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Vync

Amend old medical records and reopen claim via New and Material Evidence?

Question

This is related my CUE topic, below. To briefly recap it, the VA had to perform a second C&P exam because the first one was misplaced. Years later, I found the initial exam in my c-file and, if it had been used, I would have been given a higher rating.

 

What are the odds of being successful if I:
1. Request to amend medical records to replace the second C&P exam with the initial, more favorable, C&P exam
2. Reopen the claim via New and Material Evidence requesting the reevaluate the initial rating based on the amended exam?

 

Quote

The Board must consider all the evidence of record and discuss in its decision all "potentially applicable" provisions of law and regulation.  See 38 U.S.C. § 7104(a); Schafrath v. Derwinski, 1 Vet. App. 589, 592-93 (1991).  The Board is also required to provide a statement of reasons or bases for its determination, adequate to enable an appellant to understand the precise basis for its decision, as well as to facilitate further appellate review.  See 38 U.S.C. § 7104(d)(1); Allday v. Brown, 7 Vet. App. 517, 527 (1995); Gilbert, 56 (1990).  To comply with this requirement, the Board must analyze the credibility and probative value of the evidence, account for the evidence it finds persuasive or unpersuasive, and provide the reasons for its rejection of any material evidence favorable to the claimant.  Caluza v. Brown, 7 Vet. App. 498, 506 (1995), aff'd per curiam, 78 F.3d 604 (Fed.Cir.1996) (table).

The Board has thoroughly reviewed all the evidence in the Veteran's claims folder and in his electronic VA files.  Although the Board has an obligation to provide reasons and bases supporting this decision, there is no need to discuss, in detail, the extensive evidence submitted by the claimant or on his behalf.  See Gonzales v. West, 218 F.3d 1378, 1380-81 (Fed. Cir. 2000) (the Board must review the entire record, but does not have to discuss each piece of evidence).  The analysis below focuses on the most salient and relevant evidence and on what this evidence shows, or fails to show, on the claim.  The Veteran must not assume that the Board has overlooked pieces of evidence that are not explicitly discussed herein.  See Timberlake v. Gober, 14 Vet. App. 122 (2000) (the law requires only that the Board address its reasons for rejecting evidence favorable to the appellant).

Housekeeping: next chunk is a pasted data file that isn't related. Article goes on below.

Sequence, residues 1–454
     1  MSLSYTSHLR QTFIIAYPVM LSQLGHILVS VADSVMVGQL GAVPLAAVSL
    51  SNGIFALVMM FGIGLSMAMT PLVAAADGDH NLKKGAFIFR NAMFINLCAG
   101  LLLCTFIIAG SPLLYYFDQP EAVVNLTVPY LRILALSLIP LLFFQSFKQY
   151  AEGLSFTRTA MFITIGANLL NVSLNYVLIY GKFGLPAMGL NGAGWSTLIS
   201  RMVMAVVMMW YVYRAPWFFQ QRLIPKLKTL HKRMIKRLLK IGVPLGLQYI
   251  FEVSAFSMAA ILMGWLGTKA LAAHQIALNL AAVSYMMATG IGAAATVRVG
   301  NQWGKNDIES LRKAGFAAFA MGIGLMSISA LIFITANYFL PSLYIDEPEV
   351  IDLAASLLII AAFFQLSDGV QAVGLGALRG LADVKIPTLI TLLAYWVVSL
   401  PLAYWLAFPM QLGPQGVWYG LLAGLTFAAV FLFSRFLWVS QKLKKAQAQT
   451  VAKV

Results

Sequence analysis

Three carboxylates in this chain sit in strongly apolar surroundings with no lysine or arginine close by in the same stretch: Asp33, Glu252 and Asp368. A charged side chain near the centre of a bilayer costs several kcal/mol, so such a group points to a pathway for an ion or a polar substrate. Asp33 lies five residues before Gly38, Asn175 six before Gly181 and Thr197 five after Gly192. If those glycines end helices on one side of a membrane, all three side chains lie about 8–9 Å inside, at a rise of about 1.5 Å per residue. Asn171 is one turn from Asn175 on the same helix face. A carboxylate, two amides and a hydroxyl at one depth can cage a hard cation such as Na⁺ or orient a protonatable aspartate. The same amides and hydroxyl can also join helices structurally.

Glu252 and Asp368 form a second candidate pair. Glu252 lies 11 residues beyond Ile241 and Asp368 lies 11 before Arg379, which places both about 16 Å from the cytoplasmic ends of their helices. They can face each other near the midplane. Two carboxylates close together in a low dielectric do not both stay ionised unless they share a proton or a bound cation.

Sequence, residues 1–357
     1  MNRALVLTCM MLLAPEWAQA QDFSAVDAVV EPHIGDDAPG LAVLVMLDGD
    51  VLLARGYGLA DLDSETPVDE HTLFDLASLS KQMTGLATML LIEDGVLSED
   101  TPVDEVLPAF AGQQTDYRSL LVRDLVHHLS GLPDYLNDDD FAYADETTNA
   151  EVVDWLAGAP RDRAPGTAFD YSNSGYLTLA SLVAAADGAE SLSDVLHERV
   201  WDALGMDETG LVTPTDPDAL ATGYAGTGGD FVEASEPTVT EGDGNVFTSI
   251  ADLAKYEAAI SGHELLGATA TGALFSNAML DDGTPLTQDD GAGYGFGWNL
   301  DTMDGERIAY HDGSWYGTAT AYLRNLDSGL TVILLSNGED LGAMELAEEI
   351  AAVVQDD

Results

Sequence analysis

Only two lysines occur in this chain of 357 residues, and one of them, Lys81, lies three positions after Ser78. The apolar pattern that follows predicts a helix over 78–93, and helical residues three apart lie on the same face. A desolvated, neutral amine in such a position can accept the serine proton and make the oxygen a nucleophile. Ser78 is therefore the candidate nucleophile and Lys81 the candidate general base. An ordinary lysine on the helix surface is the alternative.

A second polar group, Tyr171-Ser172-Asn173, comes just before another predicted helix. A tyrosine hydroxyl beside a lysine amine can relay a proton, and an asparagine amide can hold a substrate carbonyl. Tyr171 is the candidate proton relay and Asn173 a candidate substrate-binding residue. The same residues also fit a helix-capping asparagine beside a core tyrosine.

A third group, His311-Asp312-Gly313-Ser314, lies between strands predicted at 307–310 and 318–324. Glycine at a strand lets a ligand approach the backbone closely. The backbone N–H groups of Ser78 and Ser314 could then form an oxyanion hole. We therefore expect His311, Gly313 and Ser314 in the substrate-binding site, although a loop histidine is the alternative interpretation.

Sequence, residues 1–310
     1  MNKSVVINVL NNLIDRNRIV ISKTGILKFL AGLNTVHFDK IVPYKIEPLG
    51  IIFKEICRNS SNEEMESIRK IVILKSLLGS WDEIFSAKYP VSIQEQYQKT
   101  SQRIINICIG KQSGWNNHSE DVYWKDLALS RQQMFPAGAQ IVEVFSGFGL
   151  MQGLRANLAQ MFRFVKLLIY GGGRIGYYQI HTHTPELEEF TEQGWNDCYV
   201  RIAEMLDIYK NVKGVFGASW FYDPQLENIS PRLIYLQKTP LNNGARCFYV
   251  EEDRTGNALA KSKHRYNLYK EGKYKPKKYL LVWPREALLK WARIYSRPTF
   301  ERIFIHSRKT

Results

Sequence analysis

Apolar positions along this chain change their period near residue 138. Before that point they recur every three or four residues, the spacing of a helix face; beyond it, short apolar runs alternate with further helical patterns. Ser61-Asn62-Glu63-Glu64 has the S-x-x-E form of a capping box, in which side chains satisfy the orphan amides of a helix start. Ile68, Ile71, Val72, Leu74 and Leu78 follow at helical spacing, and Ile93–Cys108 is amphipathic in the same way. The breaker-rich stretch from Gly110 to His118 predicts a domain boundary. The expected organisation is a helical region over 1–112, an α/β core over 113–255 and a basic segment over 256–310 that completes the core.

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The short answer is we dont know what the "VA will do".  I say, "go for it".  This may set a precedent, when records are inaccurate or incomplete.  You may wind up hiring an attorney to do this.  

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